As my colleague said, the previous government dealt with this matter and the present government, fully aware of the distress which has been caused among the retired civil servants, claims to have been studying the matter. It was referred to a joint House of Commons and Senate committee which put forward a unanimous recommendation for action. There

have been months of delay. We have been told that the matter was under active, serious and urgent consideration. Consideration has been given to it every time but no action is ever taken.

We had hoped that in view of the fact that the government had plenty of warning it would have brought in legislation to deal with this matter before the house recesses for the summer. The complexity of this legislation is no excuse. There have been plenty of precedents for this legislation and there has been plenty of time to deal with this matter. If the ministers are so busy with other matters that they think this one is less important and can be delayed, then they are wrong because the Canadian people, who have a high regard for civil servants, feel that they have an indebtedness to them and owe it to them to see that they do not suffer by virtue of the rising cost of living and that their pensions should be adjusted to meet the rising cost. Since the government has completely failed to do this, we think that the house has no right to recess until this great injustice is remedied.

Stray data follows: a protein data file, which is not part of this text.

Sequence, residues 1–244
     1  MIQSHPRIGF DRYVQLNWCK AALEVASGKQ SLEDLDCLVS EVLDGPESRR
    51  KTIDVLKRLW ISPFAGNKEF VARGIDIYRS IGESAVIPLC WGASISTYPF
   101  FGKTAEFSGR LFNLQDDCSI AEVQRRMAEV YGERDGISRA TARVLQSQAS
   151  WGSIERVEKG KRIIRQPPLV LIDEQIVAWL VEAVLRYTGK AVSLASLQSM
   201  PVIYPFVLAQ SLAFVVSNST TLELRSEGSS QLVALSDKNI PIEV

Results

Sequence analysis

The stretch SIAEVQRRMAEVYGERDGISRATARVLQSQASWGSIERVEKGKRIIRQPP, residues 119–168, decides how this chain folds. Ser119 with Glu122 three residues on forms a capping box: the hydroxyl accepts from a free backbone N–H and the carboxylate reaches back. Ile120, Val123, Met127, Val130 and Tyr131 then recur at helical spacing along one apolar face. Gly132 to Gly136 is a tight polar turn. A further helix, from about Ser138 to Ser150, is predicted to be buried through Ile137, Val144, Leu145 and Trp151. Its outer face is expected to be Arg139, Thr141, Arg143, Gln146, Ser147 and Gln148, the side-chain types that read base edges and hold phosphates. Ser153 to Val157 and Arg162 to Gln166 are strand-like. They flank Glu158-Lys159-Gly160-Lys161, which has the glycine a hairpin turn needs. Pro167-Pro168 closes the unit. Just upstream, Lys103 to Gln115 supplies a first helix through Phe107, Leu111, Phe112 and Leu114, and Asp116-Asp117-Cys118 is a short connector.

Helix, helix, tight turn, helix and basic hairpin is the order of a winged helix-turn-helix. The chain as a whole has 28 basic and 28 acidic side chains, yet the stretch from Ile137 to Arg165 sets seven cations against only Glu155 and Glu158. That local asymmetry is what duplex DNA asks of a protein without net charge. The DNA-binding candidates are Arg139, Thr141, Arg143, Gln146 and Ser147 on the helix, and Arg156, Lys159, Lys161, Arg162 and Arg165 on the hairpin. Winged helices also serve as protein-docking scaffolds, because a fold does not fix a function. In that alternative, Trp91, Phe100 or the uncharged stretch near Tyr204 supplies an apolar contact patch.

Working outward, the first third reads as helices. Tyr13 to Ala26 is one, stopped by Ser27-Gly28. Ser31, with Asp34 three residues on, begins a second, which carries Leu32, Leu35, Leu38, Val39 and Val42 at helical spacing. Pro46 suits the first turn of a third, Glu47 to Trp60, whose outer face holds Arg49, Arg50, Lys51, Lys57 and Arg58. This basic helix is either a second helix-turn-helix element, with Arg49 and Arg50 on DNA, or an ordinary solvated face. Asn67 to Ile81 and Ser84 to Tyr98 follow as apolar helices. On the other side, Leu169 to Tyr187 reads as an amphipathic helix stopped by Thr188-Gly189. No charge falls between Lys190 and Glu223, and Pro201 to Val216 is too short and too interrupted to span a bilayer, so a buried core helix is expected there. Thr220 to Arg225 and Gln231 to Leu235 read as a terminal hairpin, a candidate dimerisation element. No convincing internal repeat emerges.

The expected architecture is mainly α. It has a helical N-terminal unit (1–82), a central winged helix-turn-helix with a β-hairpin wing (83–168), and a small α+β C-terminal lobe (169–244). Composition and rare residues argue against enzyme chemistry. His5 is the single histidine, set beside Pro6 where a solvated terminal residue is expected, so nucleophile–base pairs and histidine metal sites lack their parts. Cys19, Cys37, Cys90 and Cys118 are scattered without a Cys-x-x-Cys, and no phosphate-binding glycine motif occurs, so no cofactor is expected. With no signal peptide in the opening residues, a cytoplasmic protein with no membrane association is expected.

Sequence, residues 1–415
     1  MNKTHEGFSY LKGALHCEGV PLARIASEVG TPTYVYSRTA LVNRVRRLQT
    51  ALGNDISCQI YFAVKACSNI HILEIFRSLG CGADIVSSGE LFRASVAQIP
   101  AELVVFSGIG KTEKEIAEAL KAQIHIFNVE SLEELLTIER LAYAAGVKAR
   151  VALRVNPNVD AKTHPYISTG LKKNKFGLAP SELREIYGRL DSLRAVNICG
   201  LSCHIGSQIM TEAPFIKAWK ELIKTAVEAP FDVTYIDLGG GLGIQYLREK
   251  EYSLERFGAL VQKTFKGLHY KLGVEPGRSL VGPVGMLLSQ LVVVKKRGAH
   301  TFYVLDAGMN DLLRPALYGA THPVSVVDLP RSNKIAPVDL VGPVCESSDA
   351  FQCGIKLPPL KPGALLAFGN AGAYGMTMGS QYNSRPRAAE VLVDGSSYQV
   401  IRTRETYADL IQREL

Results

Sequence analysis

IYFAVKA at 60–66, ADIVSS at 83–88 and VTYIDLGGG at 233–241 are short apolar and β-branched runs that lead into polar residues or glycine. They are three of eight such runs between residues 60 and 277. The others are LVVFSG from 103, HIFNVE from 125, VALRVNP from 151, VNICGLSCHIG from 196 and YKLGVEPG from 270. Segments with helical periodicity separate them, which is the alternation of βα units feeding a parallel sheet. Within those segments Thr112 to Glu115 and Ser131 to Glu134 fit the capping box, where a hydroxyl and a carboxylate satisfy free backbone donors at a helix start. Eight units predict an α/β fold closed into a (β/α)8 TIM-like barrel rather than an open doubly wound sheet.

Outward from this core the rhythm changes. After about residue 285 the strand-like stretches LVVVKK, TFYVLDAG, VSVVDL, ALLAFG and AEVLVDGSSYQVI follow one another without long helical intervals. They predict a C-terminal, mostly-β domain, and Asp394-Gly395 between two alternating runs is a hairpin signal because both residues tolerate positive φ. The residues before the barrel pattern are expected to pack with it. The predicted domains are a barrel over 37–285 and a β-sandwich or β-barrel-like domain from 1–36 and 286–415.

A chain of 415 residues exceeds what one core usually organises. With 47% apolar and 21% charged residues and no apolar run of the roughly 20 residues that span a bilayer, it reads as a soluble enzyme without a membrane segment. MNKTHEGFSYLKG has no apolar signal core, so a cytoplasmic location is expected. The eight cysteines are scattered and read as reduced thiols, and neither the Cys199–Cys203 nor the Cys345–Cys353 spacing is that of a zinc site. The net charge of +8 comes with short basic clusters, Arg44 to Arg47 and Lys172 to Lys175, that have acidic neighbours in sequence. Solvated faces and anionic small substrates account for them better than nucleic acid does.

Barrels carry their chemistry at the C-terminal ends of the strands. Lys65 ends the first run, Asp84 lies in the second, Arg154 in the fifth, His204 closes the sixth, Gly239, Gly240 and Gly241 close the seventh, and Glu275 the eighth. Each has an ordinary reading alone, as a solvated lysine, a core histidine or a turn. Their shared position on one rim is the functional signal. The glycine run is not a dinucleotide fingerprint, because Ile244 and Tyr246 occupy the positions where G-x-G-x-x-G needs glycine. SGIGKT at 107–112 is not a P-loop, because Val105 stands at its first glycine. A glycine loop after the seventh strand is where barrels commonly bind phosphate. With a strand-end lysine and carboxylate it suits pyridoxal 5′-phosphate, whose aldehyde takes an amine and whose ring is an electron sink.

Since the government refuses to act, we have no other recourse but to vote against the motion to adjourn, and not because we do not want to see the house adjourn because we recognize the need for members to return to their respective constituencies. But surely no recess is more important than the passage of a measure to relieve the distress of the retired civil servants of this country.

When the hon. member for Kootenay East (Mr. Byrne) speaks about blackmail because we are trying to get the government to live up to its commitments, I want to tell him that the people of Canada will not consider it blackmail and that anybody who can get this government to keep its promises is doing a public service.

Topic:   BUSINESS OF THE HOUSE
Subtopic:   MOTION FOR ADJOURNMENT TO MONDAY, SEPTEMBER 25
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?